As part of drive to ban Israeli foods, falsely claimed Sabra Hummus was named for massacre, but pulled claim after complaints.
The Central NY Committee for Justice in Palestine (CNYCJP) was formed in July 2014, including by members of Ithaca Jewish Voice for Peace and Cornell Students for Justice in Palestine. The group is led by long-time Ithaca-area anti-Israel activists and supporters of the Boycott Divest and Sanctions movement.
The group gained internet infamy when it shared on its Facebook page a disgusting photoshop of Nazi concentration camp inmates holding anti-Israeli signs. They took it down only after I wrote about it and people started complaining.
The group has had a table set up at Greenstar urging a Sabra Hummus boycott for months.
But now it is launching a formal campaign. As part of that launch, CNYCJP posted on its Facebook page a poster claiming that Sabra Hummus was named for the Sabra and Shatila massacre in Lebanon in 1982. In that massacre, Christian Phalangists killed several hundred Palestinian refugees; Israel was blamed for not preventing the massacre, but no Israeli troops took part.
Here is the Facebook post:
The claim is a lie, and a form of blood libel at that. Neither the name nor the history of the product suggest that it has anything to do with the massacre, and of course, the massacre was not done by Israelis.
As Elder of Ziyon pointed out in response to , Sabra is a term referring to a type of prickly fruit (rough on the outside, sweet on the inside), often used to refer to Israelis born in Israel as opposed to immigrants. That was particularly significant decades ago, where as now the vast majority of Israelis are native-born. Even Wikipedia explains the term:
Sabra is an informal term that refers to Israeli Jews born in Israel. The term first appeared in the 1930s to refer to a Jew who had been born in Mandatory Palestine or in Ottoman Palestine (cf. Old Yishuv). Since the establishment of the State of Israel in 1948, Israelis have used the word to refer to a Jew born anywhere in the historical region of Palestine (Eretz Yisrael), which today comprises Israel proper, Gaza, and the West Bank.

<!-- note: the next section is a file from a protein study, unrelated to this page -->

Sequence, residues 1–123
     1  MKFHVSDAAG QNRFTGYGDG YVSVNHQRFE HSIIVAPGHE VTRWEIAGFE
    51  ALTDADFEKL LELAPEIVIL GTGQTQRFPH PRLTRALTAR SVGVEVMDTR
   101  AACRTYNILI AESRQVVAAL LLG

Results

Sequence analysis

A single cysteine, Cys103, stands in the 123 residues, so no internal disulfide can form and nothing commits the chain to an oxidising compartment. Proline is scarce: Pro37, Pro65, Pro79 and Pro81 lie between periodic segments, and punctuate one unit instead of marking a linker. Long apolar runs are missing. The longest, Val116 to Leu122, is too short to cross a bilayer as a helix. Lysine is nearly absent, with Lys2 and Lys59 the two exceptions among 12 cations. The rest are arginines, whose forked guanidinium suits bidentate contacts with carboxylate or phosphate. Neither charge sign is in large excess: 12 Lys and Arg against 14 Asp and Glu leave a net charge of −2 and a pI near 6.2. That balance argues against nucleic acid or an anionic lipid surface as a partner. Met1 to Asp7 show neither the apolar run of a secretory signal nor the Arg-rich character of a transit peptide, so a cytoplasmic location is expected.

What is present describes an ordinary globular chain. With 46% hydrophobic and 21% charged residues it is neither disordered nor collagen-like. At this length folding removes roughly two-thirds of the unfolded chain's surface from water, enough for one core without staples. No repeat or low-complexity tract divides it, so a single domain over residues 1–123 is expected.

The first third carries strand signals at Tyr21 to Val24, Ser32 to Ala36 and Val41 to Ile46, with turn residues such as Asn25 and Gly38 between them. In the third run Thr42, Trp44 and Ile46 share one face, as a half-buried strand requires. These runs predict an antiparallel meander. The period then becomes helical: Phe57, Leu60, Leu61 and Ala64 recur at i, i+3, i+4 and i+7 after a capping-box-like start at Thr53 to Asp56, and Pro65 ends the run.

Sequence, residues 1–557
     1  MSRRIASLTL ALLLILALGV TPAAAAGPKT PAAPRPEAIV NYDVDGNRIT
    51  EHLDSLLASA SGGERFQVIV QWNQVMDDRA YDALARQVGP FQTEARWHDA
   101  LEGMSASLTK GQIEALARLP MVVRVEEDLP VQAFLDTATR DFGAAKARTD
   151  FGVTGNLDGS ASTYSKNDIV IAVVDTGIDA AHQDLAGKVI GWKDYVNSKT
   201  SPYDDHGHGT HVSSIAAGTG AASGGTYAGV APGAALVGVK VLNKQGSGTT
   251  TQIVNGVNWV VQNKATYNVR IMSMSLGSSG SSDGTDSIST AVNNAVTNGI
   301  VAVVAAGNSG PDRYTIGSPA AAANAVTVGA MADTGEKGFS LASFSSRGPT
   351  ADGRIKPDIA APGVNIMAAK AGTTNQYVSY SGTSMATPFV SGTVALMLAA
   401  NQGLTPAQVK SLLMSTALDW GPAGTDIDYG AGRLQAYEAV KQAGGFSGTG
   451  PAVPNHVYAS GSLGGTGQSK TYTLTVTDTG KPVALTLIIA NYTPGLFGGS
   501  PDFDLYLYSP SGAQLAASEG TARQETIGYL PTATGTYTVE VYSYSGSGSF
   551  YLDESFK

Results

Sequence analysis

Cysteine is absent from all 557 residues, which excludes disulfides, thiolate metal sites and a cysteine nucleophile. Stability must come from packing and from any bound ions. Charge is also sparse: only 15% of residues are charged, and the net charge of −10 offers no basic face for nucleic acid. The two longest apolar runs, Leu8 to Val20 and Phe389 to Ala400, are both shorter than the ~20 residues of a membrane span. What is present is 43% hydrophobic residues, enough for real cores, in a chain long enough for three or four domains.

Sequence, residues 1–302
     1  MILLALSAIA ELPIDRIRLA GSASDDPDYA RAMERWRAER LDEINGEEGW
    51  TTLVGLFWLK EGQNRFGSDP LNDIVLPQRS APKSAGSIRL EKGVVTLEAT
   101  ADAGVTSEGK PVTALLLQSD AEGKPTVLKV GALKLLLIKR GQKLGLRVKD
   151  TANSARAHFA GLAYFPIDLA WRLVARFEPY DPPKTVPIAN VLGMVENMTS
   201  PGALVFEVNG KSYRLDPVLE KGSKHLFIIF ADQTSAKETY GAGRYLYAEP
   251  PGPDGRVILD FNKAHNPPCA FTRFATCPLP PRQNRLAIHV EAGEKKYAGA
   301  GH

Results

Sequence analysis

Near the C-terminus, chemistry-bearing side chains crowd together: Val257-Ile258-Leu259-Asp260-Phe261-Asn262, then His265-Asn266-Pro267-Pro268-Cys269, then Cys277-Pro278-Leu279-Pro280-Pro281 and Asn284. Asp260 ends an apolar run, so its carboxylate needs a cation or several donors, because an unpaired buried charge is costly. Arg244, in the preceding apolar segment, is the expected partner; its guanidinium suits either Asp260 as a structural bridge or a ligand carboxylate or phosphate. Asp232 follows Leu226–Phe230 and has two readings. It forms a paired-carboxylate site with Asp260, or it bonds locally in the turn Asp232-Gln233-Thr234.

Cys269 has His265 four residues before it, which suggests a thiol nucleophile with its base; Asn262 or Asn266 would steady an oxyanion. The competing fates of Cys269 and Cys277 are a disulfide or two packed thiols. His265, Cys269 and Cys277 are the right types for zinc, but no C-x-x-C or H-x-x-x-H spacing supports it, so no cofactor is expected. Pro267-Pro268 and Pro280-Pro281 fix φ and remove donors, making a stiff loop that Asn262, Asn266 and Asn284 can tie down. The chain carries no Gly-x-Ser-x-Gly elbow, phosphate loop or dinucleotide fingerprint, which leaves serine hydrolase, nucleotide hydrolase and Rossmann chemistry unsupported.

The term alludes to a tenacious, thorny desert plant, known in English as prickly pear, with a thick skin that conceals a sweet, softer interior. The cactus is compared to Israeli Jews, who are supposedly tough on the outside, but delicate and sweet on the inside.
Moreover, the product was started in 1986 in Queens, NY, by a company originally called Sabra Blue & White, with the colors representing the colors of the Israeli flag:
The company was founded in 1986 as Sabra-Blue & White Foods (Sabra being a nickname for an Israeli-born person and Blue & White representing the colors of the Flag of Israel).
There is nothing to suggest that the Sabra Hummus brand was named after the massacre, yet CNYCJP defended the claim when people called them out on it:
(The claims of Israeli responsibility are disputed and controversial, with a commission having found only “indirect” responsibility for failure to anticipate what the Phalange would do.)
After many more complaints were posted as comments on CNYCJP’s Facebook post, the claim finally was taken down today by Ariel Gold, who had originally posted it and who is one of the leaders of Ithaca Jewish Voice for Peace and CNYCJP:
It’s good that they have backed off the lie about Sabra Hummus. But as Elder of Ziyon further points out, it is a common lie spread by the BDS movement.
That the Greenstar anti-Israel food boycott campaign started with a lie and stayed with it as long as it did says everything you need to know about the group and the Greenstar boycott movement.
You will be hearing more about this, for sure.DONATE
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